Want to enter the Frasier and wondering how to write a 500 word synopsis?

I have talked to a number of people want to enter the Frasier contest, but are daunted by the “500 word synopsis.” 

So…I thought I’d try and help. 

First, you’re among friends at My Book Therapy.  We understand how difficult it is to condense your epic down to 500 words.  Remember, the synopsis in the Frasier contest, like the synopsis for your agent or editor is entirely to tell your editor/agent/judge that you have put together a solid story.  Yes, you want to woo them with words (and a well written synopsis can be a thing of joy and beauty.  Not long ago, I actually teared up reading the amazing synopsis of one of my clients!)  However, first you want to prove to them that you have all the pieces of the story in place. 

But what are those pieces? 

Before you start writing your synopsis you need to know some basic questions, (hopefully ones you’ve already thought through). 

1.       Hero and Heroine Identity:  Who is your hero/heroine? What do they do?  The A/E/J  (Agent/Editor/Judge because I just can’t keep writing that out), needs to understand who the story is about – and so do you.


2.      Goals:  What do the H/H WANT from their life – what are they after?  If you’ve been hanging around MBT for any length of time, or were with us last year when we created a proposal for our Blog-A-Book, you’ll know that I usually ask a question to determine this answer:  What is your hero/heroine’s Greatest Dream.  If you’re starting to panic, ask your character this: What was the happiest moment in your life?  (usually something in their childhood) and Why?  Usually your character will be trying to recreate the essence of that happy moment.  Taking a good look at that will help you understand how to construct their tangible, specific and measurable goals.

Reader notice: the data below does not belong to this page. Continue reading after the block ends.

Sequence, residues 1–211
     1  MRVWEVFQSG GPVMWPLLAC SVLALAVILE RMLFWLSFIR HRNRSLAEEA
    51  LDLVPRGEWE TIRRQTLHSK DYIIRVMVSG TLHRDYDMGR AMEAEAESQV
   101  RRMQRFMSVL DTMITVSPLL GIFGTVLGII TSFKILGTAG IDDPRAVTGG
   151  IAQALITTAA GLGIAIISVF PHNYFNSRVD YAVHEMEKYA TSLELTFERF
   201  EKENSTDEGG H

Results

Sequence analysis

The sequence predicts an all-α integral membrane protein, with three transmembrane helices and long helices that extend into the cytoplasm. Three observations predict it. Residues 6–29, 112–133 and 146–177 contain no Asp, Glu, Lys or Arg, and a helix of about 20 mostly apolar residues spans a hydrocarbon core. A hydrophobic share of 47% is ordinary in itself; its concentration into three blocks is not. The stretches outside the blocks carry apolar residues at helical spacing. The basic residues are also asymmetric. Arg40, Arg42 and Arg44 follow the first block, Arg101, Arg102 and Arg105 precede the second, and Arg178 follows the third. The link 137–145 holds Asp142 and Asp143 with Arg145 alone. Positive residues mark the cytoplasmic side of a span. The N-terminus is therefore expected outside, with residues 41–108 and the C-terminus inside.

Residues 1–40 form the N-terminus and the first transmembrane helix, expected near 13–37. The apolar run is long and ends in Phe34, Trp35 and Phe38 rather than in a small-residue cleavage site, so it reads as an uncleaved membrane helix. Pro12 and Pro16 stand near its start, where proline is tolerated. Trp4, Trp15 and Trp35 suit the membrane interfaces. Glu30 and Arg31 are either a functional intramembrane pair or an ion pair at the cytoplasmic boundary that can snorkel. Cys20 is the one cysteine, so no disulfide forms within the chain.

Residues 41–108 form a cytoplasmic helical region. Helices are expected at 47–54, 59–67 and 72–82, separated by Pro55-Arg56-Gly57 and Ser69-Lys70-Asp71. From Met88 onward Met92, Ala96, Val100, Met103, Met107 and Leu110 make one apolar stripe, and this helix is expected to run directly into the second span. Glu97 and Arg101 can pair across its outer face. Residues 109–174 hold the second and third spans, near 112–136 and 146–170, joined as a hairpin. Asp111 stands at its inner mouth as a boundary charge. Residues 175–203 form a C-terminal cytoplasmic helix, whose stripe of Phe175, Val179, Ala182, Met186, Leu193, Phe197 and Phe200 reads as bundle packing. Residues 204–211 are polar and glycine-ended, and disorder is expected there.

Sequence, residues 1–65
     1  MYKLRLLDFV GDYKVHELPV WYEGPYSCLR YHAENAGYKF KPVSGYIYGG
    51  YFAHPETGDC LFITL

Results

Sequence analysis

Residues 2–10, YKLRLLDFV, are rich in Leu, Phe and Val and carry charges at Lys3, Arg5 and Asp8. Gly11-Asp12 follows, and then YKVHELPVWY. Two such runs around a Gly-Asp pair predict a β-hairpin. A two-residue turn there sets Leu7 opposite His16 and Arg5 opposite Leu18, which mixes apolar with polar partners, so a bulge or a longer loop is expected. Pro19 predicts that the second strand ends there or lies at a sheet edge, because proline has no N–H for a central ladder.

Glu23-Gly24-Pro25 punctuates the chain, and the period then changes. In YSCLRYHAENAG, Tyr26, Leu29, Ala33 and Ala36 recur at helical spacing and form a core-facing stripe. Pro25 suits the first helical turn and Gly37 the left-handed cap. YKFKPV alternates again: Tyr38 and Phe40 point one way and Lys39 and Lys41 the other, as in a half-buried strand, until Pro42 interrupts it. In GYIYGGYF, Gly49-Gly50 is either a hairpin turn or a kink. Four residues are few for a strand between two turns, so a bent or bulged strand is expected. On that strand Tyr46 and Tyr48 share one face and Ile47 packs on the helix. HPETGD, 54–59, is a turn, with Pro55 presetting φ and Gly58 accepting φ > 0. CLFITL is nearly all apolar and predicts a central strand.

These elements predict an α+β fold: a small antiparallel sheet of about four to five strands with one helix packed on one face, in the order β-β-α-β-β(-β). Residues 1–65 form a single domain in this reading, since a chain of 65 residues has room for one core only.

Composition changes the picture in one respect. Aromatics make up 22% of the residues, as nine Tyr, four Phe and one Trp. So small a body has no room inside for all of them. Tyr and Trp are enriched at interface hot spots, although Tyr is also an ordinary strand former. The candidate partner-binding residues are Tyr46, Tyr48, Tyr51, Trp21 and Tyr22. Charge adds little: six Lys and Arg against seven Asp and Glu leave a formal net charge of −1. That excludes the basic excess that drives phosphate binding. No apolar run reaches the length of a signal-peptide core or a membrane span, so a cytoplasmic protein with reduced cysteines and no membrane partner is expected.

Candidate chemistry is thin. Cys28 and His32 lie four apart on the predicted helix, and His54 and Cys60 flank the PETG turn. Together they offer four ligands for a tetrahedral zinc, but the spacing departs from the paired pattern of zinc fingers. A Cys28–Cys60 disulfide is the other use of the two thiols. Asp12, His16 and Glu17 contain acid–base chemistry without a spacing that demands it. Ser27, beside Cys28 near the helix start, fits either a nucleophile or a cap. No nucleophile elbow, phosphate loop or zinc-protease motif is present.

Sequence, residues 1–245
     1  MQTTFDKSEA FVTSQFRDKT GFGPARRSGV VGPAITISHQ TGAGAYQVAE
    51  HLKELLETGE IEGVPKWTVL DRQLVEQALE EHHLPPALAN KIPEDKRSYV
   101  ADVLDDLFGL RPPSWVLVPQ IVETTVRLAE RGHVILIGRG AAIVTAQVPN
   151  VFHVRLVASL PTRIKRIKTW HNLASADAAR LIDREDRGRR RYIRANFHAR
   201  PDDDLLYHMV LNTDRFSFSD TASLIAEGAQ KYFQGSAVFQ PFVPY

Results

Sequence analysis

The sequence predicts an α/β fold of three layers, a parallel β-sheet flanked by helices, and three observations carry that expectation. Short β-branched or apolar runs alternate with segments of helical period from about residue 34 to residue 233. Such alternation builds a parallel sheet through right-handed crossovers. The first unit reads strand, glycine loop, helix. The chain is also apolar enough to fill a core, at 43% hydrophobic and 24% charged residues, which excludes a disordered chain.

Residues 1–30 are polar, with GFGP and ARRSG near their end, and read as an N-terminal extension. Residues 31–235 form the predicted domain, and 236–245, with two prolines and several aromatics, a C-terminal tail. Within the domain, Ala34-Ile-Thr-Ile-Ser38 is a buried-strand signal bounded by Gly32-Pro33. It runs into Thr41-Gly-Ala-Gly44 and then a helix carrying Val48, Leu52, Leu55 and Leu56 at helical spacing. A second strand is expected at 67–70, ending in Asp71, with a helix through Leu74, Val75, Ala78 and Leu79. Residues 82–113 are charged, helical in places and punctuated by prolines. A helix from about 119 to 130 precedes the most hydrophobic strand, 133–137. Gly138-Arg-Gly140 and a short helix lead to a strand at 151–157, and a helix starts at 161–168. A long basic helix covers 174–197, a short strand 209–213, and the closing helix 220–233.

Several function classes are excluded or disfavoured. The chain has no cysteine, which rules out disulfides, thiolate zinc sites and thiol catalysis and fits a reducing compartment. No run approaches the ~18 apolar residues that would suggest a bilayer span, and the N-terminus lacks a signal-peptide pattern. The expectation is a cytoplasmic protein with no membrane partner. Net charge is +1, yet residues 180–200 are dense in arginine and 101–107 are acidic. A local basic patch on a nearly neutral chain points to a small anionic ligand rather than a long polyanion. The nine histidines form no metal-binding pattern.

3.      Motivations:  Why does the hero/heroine have the goal they do?  Asking the above question helps you nail down the WHY of the synopsis.  What propels them through the story after their goal?